« October 2006 | MAIN | December 2006 »

November 27, 2006



Date: November 16 (Th), 2006
Place: Keio Plaza Hotel, Shinjuku, Tokyo
Participants: Approximately 100 School Teachers from the U.S.
Sponsor: Fulbright Memorial Fund

Professor Takahiro Miyao, Economic Education Network member, gave a lecture on Japan’s Economy to about 100 school teachers visiting from various parts of the U.S. on a Fulbright Memorial Fund program at Keio Plaza Hotel in Tokyo on November 16. The following is a summary of Professor Miyao’s lecture, which may be of some use for Economic Education Network members.
"Prime Minister Abe's Economic Agenda: Innovation and Challenge"
by Takahiro Miyao (Professor, International University of Japan)

Prime Minister Abe's Economic Policy Agenda may be summarized as "the economy grow again and individuals try again," that is, to achieve higher economic growth and to give a better chance for individual success, where innovation and education/training are emphasized for those purposes.
First of all, why economic growth? In reality, the Japanese economy is now growing again after the "lost decade" and a half (15 years) of stagnation. At the same time, higher growth is necessary for the sake of dealing with a number of serious economic problems such as (1) the government's huge budget deficit, (2) increasing social security burden and (3) future tax hikes in the aging, low-birthrate economy.
The question is how to achieve higher growth. Abe seems to be a supply-sider, emphasizing supply-side factors such as innovation, technology, investment, etc., but not mentioning any demand-side factor at all. A related question is how to accelerate innovation. It is well known that innovation is up to the private sector and is something the government cannot manipulate. Most likely Mr. Abe himself does not know how to do it and how to spur new venture-type business in Japan.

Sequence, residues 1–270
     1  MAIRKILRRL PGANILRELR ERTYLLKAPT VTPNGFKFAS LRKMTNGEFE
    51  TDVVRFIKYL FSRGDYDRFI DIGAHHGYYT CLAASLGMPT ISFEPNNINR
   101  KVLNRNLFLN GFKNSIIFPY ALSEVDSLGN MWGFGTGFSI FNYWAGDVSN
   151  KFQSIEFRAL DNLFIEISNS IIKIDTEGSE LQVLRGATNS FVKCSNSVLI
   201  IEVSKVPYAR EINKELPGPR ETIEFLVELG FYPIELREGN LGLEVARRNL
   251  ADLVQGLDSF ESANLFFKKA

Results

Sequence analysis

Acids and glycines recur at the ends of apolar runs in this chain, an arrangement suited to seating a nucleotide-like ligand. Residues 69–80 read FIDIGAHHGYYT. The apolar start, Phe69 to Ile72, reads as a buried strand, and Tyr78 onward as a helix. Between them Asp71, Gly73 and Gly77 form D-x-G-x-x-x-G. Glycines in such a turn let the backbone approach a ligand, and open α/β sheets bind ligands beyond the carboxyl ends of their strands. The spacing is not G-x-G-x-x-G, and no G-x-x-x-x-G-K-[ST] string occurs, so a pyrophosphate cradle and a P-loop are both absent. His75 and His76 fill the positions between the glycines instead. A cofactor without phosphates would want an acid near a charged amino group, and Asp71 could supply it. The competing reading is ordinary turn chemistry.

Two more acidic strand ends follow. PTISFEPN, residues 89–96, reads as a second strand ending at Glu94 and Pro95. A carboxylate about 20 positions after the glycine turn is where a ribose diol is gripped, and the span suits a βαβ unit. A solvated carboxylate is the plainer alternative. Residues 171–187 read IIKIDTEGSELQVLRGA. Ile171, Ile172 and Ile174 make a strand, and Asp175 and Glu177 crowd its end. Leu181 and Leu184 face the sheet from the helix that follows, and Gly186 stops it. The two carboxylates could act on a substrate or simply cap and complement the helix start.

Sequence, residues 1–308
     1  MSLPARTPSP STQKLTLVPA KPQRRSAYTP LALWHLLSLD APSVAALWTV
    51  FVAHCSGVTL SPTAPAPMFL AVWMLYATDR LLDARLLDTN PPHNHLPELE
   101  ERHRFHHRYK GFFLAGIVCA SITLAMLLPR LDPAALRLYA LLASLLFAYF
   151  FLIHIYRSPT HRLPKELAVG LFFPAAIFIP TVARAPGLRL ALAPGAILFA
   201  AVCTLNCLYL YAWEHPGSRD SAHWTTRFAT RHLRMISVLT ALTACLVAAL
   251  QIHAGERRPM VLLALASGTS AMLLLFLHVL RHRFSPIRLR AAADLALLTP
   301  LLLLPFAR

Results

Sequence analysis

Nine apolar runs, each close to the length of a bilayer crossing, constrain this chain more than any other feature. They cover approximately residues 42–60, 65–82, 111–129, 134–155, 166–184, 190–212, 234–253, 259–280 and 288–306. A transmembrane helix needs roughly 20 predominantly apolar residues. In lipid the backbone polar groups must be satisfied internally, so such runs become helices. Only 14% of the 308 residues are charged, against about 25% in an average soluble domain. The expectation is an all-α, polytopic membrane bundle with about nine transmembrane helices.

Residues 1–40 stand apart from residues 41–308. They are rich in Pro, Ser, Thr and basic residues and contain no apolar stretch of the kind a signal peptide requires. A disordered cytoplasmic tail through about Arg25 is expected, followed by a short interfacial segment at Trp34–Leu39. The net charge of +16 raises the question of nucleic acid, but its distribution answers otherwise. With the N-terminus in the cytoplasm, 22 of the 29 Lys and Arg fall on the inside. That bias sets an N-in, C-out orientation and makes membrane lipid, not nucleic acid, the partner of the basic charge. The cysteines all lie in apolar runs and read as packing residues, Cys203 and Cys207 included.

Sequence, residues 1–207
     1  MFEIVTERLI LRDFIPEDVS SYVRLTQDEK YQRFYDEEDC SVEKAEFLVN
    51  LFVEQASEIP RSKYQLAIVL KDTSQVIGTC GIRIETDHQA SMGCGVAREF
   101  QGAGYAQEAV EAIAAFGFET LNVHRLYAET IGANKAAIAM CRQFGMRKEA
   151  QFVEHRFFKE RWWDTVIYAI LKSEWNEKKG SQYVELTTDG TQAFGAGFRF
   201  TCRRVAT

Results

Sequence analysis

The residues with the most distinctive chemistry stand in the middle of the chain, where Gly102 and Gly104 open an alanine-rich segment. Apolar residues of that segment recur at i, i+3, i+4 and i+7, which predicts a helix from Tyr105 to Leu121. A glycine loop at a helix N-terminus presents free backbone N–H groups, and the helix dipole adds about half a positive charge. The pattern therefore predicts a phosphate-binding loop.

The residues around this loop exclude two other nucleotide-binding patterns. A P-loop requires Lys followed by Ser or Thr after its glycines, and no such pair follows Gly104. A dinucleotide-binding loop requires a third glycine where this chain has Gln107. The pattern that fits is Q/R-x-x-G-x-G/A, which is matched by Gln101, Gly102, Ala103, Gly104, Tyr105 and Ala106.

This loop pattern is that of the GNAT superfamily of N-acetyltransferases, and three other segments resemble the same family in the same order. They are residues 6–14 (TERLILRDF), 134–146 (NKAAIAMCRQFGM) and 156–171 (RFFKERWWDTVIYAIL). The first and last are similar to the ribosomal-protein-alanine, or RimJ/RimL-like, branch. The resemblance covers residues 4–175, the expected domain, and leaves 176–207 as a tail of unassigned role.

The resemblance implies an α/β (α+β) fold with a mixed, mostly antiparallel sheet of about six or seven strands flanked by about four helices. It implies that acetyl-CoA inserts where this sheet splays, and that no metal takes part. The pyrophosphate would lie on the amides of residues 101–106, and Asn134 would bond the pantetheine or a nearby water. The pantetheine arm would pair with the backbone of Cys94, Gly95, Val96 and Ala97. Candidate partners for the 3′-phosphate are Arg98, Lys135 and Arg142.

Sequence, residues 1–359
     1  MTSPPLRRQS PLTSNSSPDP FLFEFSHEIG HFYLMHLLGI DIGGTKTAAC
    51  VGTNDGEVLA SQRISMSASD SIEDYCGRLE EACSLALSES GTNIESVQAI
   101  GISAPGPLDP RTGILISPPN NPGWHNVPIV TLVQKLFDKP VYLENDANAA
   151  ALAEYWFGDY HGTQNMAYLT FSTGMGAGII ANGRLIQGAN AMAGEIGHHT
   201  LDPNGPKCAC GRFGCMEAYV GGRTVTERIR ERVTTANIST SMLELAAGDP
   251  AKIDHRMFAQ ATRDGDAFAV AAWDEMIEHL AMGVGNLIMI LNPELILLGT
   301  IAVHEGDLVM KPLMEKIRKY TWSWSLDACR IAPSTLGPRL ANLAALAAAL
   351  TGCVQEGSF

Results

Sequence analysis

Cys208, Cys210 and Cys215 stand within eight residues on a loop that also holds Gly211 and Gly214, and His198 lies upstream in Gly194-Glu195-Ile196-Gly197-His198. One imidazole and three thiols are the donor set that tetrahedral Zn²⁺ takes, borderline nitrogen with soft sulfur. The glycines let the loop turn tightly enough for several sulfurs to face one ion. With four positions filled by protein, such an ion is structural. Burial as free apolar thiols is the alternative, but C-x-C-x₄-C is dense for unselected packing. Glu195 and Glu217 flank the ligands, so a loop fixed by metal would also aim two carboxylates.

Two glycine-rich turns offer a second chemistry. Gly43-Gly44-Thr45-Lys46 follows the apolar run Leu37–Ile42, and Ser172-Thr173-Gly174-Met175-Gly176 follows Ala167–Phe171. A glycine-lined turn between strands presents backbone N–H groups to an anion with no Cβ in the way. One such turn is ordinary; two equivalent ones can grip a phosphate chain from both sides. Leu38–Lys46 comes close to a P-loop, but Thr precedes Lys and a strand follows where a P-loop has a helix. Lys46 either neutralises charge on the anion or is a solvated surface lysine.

As for better chance for individual success, the issue is a widening gap between the rich and the poor in Japan. This is partly due to severe market competition on the global scale, but partly due to the lack of challenge spirit on the part of some young people: there are now so many NEET (people Not in Education, Employment or Training) and Freeters (living on short-term temporary jobs) in Japan.
Why is this a problem? The widening rich/poor gap might be used as a pretext for opposition to reform. Also an increasing number of non-working youth may well become an obstacle to growth due to the lack of skilled work force as well as the fiscal burden to provide social security to them, especially to those who might be called "elderly NEET." Here Mr. Abe's policy priority seems to be placed on the NEET/Freeter issue.
Then how to reduce NEET/Freeters? There is no easy solution, but the government will try to offer job counseling/training for them to find regular jobs, while business itself is to create more regular jobs and give on-the-job training to young people. And they themselves should learn more basic skills, especially math and science. But the question will remain as to whether young people would "try again" once they fail in education, employment or training.
In this connection, a more fundamental socio-economic issue is how to foster "challenge spirit," especially among young people to take risk for a better life in Japan. Such attitude will certainly affect the outcome of innovation and new business, and thus the speed of job creation. Willingness to take risk will lead to more investment and more consumption, contributing to higher growth. Hopefully, Prime Minister Abe can realize this and do something about it.
For a Japanese summary and some pictures, see:

November 14, 2006



Date: November 11 (Sat) and 12 (Sun)
Place: Chiyoda-ku, Kohji-machi, Kumin-Kaikan
Participants: Approximately 30 School Teachers and Specialists
Sponsors: Yomiuri Shimbun, Chiyoda-ku Kyoiku-iinkai

Day 1 (November 11)
9:45-10:00 Keynote Speech
10:00-12:00 Economics Course Content
13:00-15:30 Model Lecture: Simulation
15:45-17:00 School Education and Economics
Workshop (Day 1) Summary:
On the first day of the two-day workshop, Mr. Shoichi Shinohara (Doshisha Univ.) gave an introductory address by saying that "we will try to organize various efforts on economic education for supporting all teachers in this field, and would like to proceed by listening to your opinions and suggestions."